- HTML syntax
- Differences HTML/XHTML
According to Wikipedia, HyperText Markup Language (HTML) is...
...is the predominant markup language for web pages. HTML elements are the basic building-blocks of webpages.
HTML is written in the form of HTML elements consisting of tags enclosed in angle brackets (like
<html>), within the web page content. HTML tags most commonly come in pairs like
</h1>, although some tags, known as empty elements, are unpaired, for example
<img>. The first tag in a pair is the start tag, the second tag is the end tag (they are also called opening tags and closing tags). In between these tags web designers can add text, tags, comments and other types of text-based content.
HTML is a standard defined by the World Wide Web Consortium (W3C).
The first publicly available description of HTML was a document called "HTML Tags", first mentioned on the Internet by Berners-Lee in late 1991. From then, the HTML specification has beeing in a continous evolution. Since 1996, the HTML specifications have been maintained, with input from commercial software vendors, by the W3C. Moreover, in 2000, HTML also became an international standard (ISO/IEC 15445:2000).
HTML 4.01 Specification was published in December 1999. According to this specification:
To publish information for global distribution, one needs a universally understood language, a kind of publishing mother tongue that all computers may potentially understand. The publishing language used by the World Wide Web is HTML (from HyperText Markup Language).
HTML 4.01 offers three variations:
- Strict, in which deprecated elements are forbidden.
- Transitional, in which deprecated elements are allowed.
- Frameset, in which frame related elements are allowed.
Here is a simple example of an HTML document extracted from 3 On SGML and HTML:
<!DOCTYPE HTML PUBLIC "-//W3C//DTD HTML 4.01//EN" "http://www.w3.org/TR/html4/strict.dtd"> <HTML> <HEAD> <TITLE>My first HTML document</TITLE> </HEAD> <BODY> <P>Hello world! </BODY> </HTML>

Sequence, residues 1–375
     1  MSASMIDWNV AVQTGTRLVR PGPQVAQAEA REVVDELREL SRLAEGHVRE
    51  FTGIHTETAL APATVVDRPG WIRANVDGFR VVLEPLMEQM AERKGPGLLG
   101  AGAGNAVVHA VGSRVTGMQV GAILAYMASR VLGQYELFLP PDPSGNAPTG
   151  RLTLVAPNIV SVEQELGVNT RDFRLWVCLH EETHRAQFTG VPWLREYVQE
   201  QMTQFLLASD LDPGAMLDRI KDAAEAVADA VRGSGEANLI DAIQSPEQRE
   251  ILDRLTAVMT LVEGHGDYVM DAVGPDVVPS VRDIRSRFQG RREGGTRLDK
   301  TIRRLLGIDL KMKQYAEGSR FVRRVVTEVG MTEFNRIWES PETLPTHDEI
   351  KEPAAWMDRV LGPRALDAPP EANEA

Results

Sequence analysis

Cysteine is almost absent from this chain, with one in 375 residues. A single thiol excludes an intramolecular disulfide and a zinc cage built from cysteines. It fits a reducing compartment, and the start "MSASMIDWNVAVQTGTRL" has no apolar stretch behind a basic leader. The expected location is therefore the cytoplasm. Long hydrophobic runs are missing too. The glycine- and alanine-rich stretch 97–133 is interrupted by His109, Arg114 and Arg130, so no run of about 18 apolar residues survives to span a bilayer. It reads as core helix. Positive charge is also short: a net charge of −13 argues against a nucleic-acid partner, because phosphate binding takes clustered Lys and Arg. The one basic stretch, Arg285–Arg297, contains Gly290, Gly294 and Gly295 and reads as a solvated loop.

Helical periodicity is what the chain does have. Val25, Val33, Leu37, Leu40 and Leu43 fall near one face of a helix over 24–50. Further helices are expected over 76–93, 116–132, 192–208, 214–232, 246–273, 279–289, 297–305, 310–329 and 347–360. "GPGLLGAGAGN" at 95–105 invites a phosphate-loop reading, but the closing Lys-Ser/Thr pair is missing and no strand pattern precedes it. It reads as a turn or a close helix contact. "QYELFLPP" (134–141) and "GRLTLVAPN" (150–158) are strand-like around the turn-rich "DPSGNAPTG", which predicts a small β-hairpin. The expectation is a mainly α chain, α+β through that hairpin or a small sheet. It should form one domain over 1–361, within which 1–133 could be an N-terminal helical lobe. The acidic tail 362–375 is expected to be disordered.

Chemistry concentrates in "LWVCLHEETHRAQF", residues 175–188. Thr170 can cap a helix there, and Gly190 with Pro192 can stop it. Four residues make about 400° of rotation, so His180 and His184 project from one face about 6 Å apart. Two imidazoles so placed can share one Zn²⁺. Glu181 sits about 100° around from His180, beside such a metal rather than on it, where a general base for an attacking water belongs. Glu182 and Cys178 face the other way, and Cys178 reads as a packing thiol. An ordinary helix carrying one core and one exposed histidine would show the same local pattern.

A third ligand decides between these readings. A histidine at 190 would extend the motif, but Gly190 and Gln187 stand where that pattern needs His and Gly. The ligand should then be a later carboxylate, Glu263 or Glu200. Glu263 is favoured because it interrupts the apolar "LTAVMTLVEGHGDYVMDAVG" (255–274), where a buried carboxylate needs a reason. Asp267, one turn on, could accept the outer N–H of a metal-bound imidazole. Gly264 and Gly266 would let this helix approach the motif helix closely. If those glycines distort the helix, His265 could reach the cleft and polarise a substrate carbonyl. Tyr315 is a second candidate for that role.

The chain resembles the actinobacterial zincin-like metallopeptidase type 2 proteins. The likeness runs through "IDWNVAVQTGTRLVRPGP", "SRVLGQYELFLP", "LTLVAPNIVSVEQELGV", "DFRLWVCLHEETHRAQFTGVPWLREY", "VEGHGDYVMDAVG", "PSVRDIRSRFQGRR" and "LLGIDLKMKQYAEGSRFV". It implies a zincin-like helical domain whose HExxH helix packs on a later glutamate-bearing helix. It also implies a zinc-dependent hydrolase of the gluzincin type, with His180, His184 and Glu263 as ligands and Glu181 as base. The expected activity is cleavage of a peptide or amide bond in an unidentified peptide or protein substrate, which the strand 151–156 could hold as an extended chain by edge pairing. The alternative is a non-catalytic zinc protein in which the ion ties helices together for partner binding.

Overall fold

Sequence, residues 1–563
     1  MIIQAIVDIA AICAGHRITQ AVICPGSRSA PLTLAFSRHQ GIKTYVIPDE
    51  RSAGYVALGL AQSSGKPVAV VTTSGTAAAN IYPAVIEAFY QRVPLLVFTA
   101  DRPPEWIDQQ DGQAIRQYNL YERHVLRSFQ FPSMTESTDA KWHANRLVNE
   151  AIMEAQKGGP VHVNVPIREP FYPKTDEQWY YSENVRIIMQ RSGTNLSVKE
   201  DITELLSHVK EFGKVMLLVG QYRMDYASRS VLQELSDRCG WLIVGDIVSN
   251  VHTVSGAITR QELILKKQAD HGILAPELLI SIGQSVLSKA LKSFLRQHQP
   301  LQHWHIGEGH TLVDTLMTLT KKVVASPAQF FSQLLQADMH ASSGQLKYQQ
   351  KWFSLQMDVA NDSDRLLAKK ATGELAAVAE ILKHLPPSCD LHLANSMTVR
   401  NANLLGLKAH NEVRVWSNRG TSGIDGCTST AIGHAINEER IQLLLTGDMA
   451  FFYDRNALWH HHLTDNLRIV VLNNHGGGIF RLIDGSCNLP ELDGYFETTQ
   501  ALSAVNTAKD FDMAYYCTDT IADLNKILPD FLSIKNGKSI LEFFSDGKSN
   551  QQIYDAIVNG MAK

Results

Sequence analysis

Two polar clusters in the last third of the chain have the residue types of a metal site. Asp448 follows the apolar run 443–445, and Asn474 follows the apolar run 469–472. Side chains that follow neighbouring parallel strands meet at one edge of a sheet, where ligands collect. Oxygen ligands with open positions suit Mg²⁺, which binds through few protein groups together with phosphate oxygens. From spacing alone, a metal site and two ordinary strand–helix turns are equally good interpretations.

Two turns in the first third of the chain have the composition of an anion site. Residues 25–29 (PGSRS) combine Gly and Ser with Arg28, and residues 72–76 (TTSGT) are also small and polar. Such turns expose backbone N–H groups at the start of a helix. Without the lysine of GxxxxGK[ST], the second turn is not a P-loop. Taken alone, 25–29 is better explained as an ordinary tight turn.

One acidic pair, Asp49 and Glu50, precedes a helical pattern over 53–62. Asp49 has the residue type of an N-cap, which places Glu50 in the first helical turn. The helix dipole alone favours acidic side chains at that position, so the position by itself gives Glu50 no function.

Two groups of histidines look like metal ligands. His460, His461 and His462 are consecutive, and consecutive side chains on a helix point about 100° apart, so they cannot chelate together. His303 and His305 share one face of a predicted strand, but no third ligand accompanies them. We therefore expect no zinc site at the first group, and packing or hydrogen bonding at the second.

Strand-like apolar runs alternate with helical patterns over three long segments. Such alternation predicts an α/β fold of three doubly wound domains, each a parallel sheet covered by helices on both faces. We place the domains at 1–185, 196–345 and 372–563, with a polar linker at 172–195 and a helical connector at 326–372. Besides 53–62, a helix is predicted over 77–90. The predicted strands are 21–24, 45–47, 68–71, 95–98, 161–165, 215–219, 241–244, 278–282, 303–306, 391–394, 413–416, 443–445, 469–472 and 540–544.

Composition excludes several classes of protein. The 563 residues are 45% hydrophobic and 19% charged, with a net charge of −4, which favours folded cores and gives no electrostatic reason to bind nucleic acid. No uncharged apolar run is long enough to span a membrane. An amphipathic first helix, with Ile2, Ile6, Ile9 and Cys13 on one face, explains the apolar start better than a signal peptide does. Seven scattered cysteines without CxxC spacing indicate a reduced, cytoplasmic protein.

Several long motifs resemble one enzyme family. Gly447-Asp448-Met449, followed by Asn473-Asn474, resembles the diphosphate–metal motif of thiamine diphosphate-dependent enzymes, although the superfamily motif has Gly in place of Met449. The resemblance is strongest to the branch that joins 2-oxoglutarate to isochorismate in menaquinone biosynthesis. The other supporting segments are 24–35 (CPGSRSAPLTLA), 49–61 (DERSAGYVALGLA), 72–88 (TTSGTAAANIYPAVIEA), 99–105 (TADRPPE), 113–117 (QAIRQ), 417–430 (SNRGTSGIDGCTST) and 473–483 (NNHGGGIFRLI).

XHTML 1.0 The Extensible HyperText Markup Language was first published in January 2000, and then revised in August 2002. According to this specification:
This specification defines the Second Edition of XHTML 1.0, a reformulation of HTML 4 as an XML 1.0 application, and three DTDs corresponding to the ones defined by HTML 4. The semantics of the elements and their attributes are defined in the W3C Recommendation for HTML 4. These semantics provide the foundation for future extensibility of XHTML. Compatibility with existing HTML user agents is possible by following a small set of guidelines.
Here is a simple example of an XHTML document extracted from 3.1.1. Strictly Conforming Documents:
<?xml version="1.0" encoding="UTF-8"?> <!DOCTYPE html PUBLIC "-//W3C//DTD XHTML 1.0 Strict//EN" "http://www.w3.org/TR/xhtml1/DTD/xhtml1-strict.dtd"> <html xmlns="http://www.w3.org/1999/xhtml" xml:lang="en" lang="en"> <head> <title>Virtual Library</title> </head> <body> <p>Moved to <a href="http://example.org/">example.org</a>.</p> </body> </html>
Validating a website is the process of ensuring that the pages of the website conform to the standards defined by various organizations, mainly the W3C.
The W3C freely provides the Markup Validation Service.
Validation is very important, because it ensures that web pages are interpreted in the same way by different software.